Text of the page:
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A Voyage of Discovery

Art and HeritageWith the move to the Glen fast approaching, Karine Raynor, the Associate Director and Curator of the Heritage Centre of the MUHC, has a big job on her hands–sorting through literally thousands of art works, photographs and historical artifacts scattered throughout the MUHC hospitals.

Raynor began work on this project to collect and catalogue the historical artifacts of the MUHC in 2007, and it was soon after this that she discovered an “Aladdin's Cave” of treasures in the attic of the Royal Victoria Hospital. “It felt like entering a time capsule,” Raynor says. “There were so many artifacts you could hardly move. For decades, they had literally been accumulating there for safe keeping.”

Fast forward five years and about 1,600 artifacts have been inventoried, packaged and are ready for the move to the Glen. “We estimated that this number was about 30 per cent of the entire collection,” says Raynor. Then The Montreal Children's Hospital called to say they had as many as 15,000 photographs that document more than a century of hospital history. “The collection is constantly growing because of involvement like this from the MUHC community,” says Raynor, who singles-out Friends of the MUHC particularly for their support. “They come in twice each week to help catalogue artifacts. We simply couldn’t do this without their support.”

The more objects that are added to the collection, the better Raynor is able to tell the story of the MUHC and the great people that have been part of the organization through the years. “It's a great opportunity, and a very rare one, to build a collection from the ground up,” she says. “These artifacts will make fascinating viewing when they go on public display at the Glen.”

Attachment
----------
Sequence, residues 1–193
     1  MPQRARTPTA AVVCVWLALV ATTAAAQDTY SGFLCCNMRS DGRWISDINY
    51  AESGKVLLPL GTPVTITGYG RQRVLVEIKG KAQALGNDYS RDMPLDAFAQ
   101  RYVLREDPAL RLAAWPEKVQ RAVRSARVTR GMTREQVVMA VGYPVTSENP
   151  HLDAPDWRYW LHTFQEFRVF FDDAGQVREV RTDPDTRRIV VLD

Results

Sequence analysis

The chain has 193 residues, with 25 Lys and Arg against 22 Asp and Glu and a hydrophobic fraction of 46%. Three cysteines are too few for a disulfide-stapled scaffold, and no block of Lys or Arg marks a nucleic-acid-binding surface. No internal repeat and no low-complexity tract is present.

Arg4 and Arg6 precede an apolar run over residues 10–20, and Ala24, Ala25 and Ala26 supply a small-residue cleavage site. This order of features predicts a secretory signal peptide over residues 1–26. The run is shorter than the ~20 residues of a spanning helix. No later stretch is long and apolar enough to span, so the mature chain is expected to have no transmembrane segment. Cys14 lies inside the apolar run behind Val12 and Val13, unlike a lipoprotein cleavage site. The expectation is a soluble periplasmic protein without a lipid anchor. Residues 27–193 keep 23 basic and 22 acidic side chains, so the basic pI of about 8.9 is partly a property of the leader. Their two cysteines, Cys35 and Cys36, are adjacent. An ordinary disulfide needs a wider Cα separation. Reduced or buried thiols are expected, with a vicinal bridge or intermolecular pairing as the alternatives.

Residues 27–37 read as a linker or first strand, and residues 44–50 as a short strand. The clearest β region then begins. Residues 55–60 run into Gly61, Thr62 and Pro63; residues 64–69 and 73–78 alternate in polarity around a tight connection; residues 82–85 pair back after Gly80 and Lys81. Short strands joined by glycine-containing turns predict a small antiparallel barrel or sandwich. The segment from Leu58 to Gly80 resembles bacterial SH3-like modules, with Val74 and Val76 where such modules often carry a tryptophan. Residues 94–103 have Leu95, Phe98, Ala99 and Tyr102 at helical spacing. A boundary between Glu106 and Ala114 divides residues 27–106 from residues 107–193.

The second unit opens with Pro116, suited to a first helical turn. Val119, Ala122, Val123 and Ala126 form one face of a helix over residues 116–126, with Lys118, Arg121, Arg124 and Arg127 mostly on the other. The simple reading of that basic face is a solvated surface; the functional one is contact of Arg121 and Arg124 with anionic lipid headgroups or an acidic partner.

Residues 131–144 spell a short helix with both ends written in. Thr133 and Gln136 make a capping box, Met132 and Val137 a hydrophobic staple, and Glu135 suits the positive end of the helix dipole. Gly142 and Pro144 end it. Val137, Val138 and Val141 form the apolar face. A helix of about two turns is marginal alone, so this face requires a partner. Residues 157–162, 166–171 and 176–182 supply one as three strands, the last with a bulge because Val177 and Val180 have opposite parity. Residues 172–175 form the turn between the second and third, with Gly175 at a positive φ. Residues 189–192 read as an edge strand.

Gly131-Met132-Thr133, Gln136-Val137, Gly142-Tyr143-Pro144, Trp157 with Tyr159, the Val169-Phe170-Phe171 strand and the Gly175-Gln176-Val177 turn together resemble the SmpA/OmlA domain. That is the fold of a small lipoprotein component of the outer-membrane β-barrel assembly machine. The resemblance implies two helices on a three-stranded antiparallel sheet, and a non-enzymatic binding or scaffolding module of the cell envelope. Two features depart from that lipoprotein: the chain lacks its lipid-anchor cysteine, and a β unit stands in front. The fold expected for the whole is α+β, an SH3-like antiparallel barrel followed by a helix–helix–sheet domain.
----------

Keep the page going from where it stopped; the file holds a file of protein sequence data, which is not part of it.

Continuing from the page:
So, were there any great surprises? Raynor responds without a moment’s hesitation: “Lister's antiseptic spray was a huge find,” she says. That sentiment is shared by Dr. Jonathan Meakins – a retired McGill professor, former surgeon-in-chief of the MUHC, and the enthusiastic Director of the Heritage Centre who works alongside Raynor to document and describe the historical medical equipment.

“Lister's antiseptic spray was developed by the British surgeon Lord Joseph Lister, and was introduced in Canada in 1877 by Dr. Thomas Roddick, who was the Dean of Medicine at McGill,” says Dr. Meakins. “It revolutionized surgery in Canada, reducing post-operative infection rates from 45 to 15 per cent.”

Dr. Meakins holds the small brass canister in his hands. To the uninitiated, it could easily pass as an old lantern with a large wood handle projecting from the side. “The carbolic acid stored in a glass jar attached to the side would be heated,” he says. The vapour would then be sprayed throughout the operating room, to sterilize everything from the surgical instruments to the patient, and even the air.

Interestingly, Lister’s spray led to another infection-reducing practice that is a medical standard today – the use of rubber gloves. “The carbolic acid from the spray would cause the surgeons and nurses hands to become red and inflamed,” says Dr. Meakins. “This forced them to start wearing rubber gloves, which turned-out to further reduce post-operative infections.”

A wealth of fascinating historical medical equipment has been discovered at the MUHC, but according to Dr. Meakins one other discovery is particularly remarkable for its peculiarity. Dr. Meakins opens an old black case containing an assortment of delicate glass tubes, some resembling combs, others resembling funnels and bulbs.

“This object is called a ‘Renulife Violet Ray Generator,” he says. “But really it heals nothing at all. It’s basically ‘snake oil’ and was probably used by ‘quacks’ in corner-shop pharmacies.” The device emits violet rays, which were said to cure everything from dandruff, to piles, to sore joints and headaches. The manufacturers even claimed it could cure ‘female complaints’, although they failed to clearly define the term.

“It’s these unique and exceptional pieces that really complete a collection like this,” says Raynor. “They don’t have great monetary value, but their value to the institution and the history of medicine in Montreal is priceless.”